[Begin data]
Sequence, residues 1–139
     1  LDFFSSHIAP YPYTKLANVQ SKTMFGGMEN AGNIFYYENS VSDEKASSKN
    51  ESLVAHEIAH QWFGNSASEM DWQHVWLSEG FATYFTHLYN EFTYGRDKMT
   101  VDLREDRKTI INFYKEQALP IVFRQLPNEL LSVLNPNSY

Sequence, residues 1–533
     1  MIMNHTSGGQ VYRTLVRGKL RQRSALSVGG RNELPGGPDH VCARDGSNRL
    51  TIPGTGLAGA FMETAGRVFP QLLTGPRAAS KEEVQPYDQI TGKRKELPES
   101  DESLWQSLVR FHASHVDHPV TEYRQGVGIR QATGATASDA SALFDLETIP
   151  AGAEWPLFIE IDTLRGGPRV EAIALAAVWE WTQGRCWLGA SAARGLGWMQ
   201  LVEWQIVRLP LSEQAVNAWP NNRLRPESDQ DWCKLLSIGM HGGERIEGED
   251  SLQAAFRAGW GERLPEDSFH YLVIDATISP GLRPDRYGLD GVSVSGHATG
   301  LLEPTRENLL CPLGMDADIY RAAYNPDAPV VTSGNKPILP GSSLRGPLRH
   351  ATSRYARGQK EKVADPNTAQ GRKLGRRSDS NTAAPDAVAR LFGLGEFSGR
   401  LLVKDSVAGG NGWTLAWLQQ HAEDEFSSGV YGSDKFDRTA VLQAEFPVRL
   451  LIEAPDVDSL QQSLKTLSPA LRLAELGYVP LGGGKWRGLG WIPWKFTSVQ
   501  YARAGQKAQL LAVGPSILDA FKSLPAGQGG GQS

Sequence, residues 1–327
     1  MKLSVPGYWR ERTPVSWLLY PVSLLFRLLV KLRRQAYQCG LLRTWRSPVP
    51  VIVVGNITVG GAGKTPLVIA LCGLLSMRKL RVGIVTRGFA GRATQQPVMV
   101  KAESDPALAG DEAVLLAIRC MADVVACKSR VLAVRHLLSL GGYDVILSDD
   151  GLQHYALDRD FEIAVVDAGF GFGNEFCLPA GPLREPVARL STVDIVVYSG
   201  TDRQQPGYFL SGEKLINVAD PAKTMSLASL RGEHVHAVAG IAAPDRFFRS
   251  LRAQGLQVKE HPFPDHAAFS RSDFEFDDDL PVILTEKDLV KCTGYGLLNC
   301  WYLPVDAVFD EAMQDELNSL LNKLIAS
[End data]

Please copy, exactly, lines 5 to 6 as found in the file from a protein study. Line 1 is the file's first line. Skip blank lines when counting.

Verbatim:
Sequence, residues 1–533
     1  MIMNHTSGGQ VYRTLVRGKL RQRSALSVGG RNELPGGPDH VCARDGSNRL